In 2007 I applied to several schools to enter a PhD program in New Testament. These were all really competitive programs like Duke University and Emory University but I felt really good about applying at that point in my life. I was a young pastor who had done extremely well academically in my Master’s degree, I had three years of ministry experience (required in my denomination), I had been given an opportunity to teach with a seminary professor a joint presentation on ways of reading Paul and I felt like this was supposed to be my calling. When I received the notifications from each program that I had not been accepted I took it pretty well. I knew the congregation I served had just undergone a massive upheaval and probably needed the stability I was providing and I figured it was just not the right time. A couple years late it was time to apply again, this time to a new set of schools-perhaps less elite but still really good schools and I figured I met the entry criteria for their doctoral programs. It was a time where I was looking for a way out of my current, highly stressful calling (same congregation as earlier, but after a lot of dealing with conflict) and I just felt like this was what I was supposed to be doing. When the letters came again saying that I had not been accepted it hit me to my core. Somehow, in my mind, I no longer measured up. I was constantly comparing myself to those who had been selected, those who had the academic opportunities or credentials. I wanted to be what I was not.
I had to rediscover who I was, I had to become much more of a scrapper. On the one hand, as a pastor I have always been well respected but for many people that was the only arena they saw me in and I wanted to engage that academic side. Life circumstances changed which made this even harder and I had to make some challenging choices in the years that came afterwards. It wasn’t until 2012 that I really began to experiment with writing again and over the past several years I have discovered the joy I get out of it and the gifts I have for it. Yet, there is always that self-critical part of me that compares what I have done with others.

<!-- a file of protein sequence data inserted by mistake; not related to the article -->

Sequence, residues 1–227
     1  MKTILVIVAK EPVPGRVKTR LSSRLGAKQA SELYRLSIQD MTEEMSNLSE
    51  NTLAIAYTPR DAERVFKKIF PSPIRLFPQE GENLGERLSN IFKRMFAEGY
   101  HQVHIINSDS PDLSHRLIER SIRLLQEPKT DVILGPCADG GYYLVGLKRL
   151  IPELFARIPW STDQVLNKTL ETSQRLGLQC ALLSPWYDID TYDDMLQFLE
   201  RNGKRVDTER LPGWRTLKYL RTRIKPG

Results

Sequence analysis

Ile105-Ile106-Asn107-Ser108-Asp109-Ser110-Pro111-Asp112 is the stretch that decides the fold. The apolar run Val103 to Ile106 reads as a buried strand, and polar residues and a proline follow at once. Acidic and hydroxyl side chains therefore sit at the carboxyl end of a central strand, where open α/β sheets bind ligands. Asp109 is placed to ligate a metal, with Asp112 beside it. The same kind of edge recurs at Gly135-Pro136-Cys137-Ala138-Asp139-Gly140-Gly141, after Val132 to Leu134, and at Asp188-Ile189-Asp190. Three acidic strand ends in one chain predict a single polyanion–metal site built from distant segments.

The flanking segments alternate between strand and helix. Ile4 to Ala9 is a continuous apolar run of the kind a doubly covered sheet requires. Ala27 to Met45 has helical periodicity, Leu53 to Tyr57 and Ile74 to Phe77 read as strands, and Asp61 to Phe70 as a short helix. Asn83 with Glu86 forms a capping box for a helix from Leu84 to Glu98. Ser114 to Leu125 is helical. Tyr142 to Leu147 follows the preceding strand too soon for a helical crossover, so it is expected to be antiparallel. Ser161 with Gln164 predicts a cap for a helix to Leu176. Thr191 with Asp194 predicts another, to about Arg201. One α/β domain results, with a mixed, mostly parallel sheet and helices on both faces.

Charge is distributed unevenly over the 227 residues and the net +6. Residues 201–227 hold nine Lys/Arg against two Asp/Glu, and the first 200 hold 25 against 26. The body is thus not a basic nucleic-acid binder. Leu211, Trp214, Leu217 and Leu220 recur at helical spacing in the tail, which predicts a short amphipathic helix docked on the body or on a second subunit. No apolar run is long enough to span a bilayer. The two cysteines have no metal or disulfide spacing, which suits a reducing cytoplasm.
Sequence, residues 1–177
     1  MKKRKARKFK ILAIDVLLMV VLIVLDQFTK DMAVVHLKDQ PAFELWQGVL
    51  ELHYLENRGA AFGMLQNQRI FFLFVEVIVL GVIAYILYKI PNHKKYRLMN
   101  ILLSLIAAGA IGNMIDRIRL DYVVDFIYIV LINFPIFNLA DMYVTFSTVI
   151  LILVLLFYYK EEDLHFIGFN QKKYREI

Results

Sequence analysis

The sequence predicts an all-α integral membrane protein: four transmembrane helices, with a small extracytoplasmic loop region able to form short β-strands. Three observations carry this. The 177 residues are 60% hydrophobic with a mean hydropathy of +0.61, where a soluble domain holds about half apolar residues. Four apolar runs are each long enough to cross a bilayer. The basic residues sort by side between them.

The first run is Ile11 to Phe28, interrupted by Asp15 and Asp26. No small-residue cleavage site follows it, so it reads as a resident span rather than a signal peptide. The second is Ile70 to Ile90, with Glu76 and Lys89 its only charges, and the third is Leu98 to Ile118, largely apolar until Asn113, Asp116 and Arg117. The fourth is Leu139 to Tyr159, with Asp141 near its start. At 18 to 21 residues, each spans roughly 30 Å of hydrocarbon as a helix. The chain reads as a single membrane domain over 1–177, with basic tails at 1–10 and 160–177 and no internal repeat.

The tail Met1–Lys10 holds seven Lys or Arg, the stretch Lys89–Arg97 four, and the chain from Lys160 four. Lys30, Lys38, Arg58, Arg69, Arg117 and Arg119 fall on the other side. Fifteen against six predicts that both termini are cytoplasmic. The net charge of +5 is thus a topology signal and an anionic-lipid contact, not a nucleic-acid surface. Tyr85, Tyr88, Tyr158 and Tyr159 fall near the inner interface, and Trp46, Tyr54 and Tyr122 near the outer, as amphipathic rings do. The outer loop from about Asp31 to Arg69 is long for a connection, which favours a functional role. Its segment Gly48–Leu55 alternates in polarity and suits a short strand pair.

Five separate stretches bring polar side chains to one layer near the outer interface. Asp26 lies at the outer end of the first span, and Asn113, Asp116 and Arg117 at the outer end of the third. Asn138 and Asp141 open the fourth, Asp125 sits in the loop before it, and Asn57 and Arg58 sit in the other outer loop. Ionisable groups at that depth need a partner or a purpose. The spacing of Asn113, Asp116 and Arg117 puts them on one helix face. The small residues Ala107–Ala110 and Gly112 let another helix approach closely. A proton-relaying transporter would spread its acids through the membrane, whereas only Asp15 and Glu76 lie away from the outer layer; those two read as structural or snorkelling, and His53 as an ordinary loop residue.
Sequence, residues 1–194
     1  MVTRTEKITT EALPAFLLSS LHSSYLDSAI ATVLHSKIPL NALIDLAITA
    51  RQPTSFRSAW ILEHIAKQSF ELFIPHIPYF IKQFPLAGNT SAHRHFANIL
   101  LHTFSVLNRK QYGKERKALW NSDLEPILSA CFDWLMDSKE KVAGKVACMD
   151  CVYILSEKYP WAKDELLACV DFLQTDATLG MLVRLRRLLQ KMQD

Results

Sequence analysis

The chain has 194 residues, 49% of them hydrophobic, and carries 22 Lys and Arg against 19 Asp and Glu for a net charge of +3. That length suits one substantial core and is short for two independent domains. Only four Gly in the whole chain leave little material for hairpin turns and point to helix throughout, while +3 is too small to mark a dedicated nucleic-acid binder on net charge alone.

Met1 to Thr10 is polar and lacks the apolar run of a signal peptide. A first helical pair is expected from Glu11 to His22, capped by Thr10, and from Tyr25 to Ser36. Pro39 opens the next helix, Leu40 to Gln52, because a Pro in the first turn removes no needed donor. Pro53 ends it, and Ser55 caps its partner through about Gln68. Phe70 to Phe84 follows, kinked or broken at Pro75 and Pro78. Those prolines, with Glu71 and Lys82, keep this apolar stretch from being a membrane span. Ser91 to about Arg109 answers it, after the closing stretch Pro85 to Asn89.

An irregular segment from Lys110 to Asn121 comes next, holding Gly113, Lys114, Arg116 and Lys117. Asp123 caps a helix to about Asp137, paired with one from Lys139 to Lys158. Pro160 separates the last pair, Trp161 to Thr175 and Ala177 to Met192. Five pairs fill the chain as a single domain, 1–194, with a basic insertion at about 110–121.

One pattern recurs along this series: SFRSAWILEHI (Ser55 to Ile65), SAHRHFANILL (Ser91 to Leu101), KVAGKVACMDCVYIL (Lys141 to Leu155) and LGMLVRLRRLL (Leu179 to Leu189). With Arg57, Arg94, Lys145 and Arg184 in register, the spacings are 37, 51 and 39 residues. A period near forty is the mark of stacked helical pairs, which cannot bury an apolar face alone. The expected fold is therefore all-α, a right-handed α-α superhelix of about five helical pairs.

Brené Brown talks about the box seats where the ones who set the rules for the arena sit. For me this was occupied by the academics, particularly those I had respect for. I felt like my own ability to write and contribute had been denied because I didn’t have the correct pedigree or degrees. I know this was as much a limitation I placed upon myself by my comparison of myself with the image I had of them. I’ve gotten a lot better but I still place myself continually in comparison with the best attributes in others and often forget about my own gifts. I still at times feel like I am having to ask for permission to have a place in the arena, but I’m getting better at moving past the comparisons, as unrealistic as they may be, and enter that place. There are times my own internal voices take me back to that time when I heard those who occupied the seats that I felt could allow me entry into the academic arena told me, “my voice was not needed in that place.” Well at least that was the message I received.
When I look at what I write, I am proud of it. I am proud of both the volume and the quality of what I have written. I have also enjoyed the freedom to engage a number of projects that are very different. There may come a time when I need to focus on my work being seen in a larger way, but for now I am writing and learning and that has made a world of difference. It may be a smaller arena, but it is mine, and for now I can be proud of the work I have done and show myself a little grace and compassion without needing to measure up to someone else’s standards.